Extras
 

Whether you prefer subtle floral notes or rich, sumptuous exotic scents, there is a new perfume out there for you. Kate Hilpern rounds up the most fabulous fragrances

Hot Thing: Odeur 53 by Comme des Garcons

IT IS most bizarre. A perfume that is not a perfume, and yet is an `odeur' being sold as a perfume. Or is it just an odeur? It is called Odeur 53, (imagine saying that, should someone ask `what is that scent?'), it comes from `noses' at the laboratory of International Flavour and Fragrance, and was commissioned by Rei Kawakubo of Commes des Garcons, who is launching it to an unsuspecting public on 11 May.

Blown up in style

Catherine Hough makes glass bottles - but don't worry about filling them; they are a triumph of art over function. Claire Gervat considers the ultimate Mother's Day present

Advertising: Throwing us off the scent

Lancome's Tresor

A rose by any other name

It may cost pounds 36 for 30ml but one squirt of Creed's Fleurs de Bulg arie will last all day

THAT pounds 6,500 SMELL

Chanel No 5 too old hat? Opium too pungent? CKBe too, well, everywhere? For those with money to burn, the alternative is an 'haute couture' perfume - one made specifically for them by the most exclusive perfume houses in Europe. Ian Phillips reports

Something for nothing

In my role as intrepid researcher, I went to the Birmingham markets this morning. This is something I have taken to doing on a regular basis. It's here that I feel most at home. I don't buy anything: I just hang around, drinking tea at 10p a cup and watching the passers-by. It's where the real Brummies go, to buy their tat. There's the indoor market, the outdoor market, the rag market and the wholesale market. They bustle about the foot of the Bullring centre and around St Martin's Church like figures in an Impressionist painting. They nestle under the Bullring, and spill out across the road into a giant hangar. This is the rag market. To me it is the spiritual heart of the city.

howard romboughbuys perfume

the intelligent consumer

Coming soon to a chemist near you

Body Lines

Britain's favourite perfume

FORGET Chanel No 5, Obsession, Eternity and Poison. Britain's favourite perfume is Anas Anas, and this is its tenth year at the top.

Essential Pavarotti

The world of perfume is ready to welcome its newest arrival - Luciano Pavarotti For Men. The daddy of modern opera is the latest star to front a fragrance and, yes, you'd be right in thinking that there may have been more obvious marketing choices for the great tenor - an evening dicky bow and bib-front shirt, a pasta sauce even, but surely not a perfume? Well, it may not be as curious a connection as it seems. Perfume creators always speak of their scents in themes and notes and how they develop from low to middle and through to the lingering top note. "Every drop," maintains the enthusiastic claim, is "a note whose fragrance is strong, decisive, vibrant." A mixture of ivy leaves, bergamot, lemon, neroli, cloves, Egyptian geranium leaves, roses and the rather curious sounding Tonka bean are some of this perfume's ingredients captured in a pleasantly rotund bottle reminiscent of a full-chested expression of passion and verve. Pavarotti's voice is hardly in question, but his scent may be a different matter. How desperately do men really want to smell of essence of aria?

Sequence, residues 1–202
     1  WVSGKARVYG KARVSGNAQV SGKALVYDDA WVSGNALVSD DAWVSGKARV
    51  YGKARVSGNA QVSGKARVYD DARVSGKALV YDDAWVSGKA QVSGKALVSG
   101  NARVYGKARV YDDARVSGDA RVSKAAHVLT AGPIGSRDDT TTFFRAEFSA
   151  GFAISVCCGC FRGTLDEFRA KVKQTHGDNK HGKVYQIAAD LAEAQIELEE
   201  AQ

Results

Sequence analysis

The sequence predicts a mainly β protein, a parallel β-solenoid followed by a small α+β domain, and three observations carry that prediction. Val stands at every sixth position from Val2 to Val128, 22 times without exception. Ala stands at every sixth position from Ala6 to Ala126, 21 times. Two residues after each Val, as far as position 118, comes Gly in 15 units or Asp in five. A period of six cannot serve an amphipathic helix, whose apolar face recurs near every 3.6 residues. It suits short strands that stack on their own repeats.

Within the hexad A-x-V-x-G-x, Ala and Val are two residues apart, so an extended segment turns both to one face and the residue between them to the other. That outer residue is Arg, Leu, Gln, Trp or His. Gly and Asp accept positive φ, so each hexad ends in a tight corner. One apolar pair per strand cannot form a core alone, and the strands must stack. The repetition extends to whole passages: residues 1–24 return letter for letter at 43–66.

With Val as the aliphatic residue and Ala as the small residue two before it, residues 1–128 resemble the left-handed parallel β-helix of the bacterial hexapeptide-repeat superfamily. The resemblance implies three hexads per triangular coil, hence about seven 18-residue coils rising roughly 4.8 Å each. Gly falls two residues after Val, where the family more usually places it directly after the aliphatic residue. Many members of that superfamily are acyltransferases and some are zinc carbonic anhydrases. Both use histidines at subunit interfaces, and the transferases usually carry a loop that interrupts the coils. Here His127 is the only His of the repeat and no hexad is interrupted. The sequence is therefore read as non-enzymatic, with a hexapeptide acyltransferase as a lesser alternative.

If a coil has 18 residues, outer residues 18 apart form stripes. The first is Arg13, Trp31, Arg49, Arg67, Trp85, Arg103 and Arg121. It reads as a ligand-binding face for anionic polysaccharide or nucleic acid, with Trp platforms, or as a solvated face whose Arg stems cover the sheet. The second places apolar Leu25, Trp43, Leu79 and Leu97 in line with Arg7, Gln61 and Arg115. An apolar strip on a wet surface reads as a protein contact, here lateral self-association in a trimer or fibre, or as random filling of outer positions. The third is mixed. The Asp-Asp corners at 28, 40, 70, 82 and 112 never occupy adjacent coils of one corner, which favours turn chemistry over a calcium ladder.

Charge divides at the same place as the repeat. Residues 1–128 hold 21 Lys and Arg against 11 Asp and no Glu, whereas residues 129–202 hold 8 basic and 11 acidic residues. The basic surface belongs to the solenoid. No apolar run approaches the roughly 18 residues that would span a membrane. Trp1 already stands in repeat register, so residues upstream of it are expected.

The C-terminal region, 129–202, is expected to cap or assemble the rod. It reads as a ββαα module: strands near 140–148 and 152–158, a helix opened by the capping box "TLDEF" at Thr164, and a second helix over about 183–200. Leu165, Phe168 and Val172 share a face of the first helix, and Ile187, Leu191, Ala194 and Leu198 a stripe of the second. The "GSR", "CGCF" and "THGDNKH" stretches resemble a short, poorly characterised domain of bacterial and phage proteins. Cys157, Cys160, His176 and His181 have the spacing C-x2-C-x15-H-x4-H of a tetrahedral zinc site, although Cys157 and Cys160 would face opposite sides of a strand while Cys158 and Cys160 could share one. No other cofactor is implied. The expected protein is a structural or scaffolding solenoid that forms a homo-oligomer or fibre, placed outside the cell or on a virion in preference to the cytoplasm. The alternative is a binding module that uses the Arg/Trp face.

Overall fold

Parfum - pour bb

Will British babies ever smell as sweet as their French cousins? Tamsin Blanchard reports

Racing: Green collects for Cole

PAUL COLE, the leading British trainer overseas last year, picked up another valuable prize on the continent yesterday when Green Perfume took the Group Two Moet & Chandon-Rennen at Baden-Baden.

Racing: Punters sniff out Perfume

THERE is no rumour like a racecourse rumour. Their precise point of ignition is always a mystery but, fanned by strong gusts of greed, a good one can sweep through the betting ring in minutes. As a result, fingers in particular can be left badly burned.

Fashion Update: Scent for the scentless

THE JAPANESE are intent on continuing their world domination of the more discriminating olfactory senses. Yohji Yamamoto is the latest designer due to launch a perfume - in 1996 with backing from Jean Patou Parfums.

Fashion Update: Sacred scent

PERFUME launches usually go like this: turn up at exotic location, quaff champagne, spot designer and supermodel 'face' of the fragrance, pick up free gift, head home. But for the launch of Comme des Garcons fragrance, fashion journos huddled behind a screen at the back of the cafe at Liberty, Regent Street, to take part in a quasi-religious ceremony around a table covered in parcel paper. The plain white box was handed around like a sacred object. 'No, no, please, don't open it,' said Adrian Joffe, managing director, as someone tried. Finally the most deserving among us was selected for the task. A smooth pebble of a bottle artfully sealed in bubble plastic was revealed. 'The perfume works like a medicine and behaves like a drug,' said Joffe. 'It is for women and for men.' When we eventually got to smell the stuff, we found it heady with spices and actually rather nice. 'We think it will open a whole new market for fragrance, selling in museums and galleries,' said Joffe. 'Now, would anyone like a scone?'
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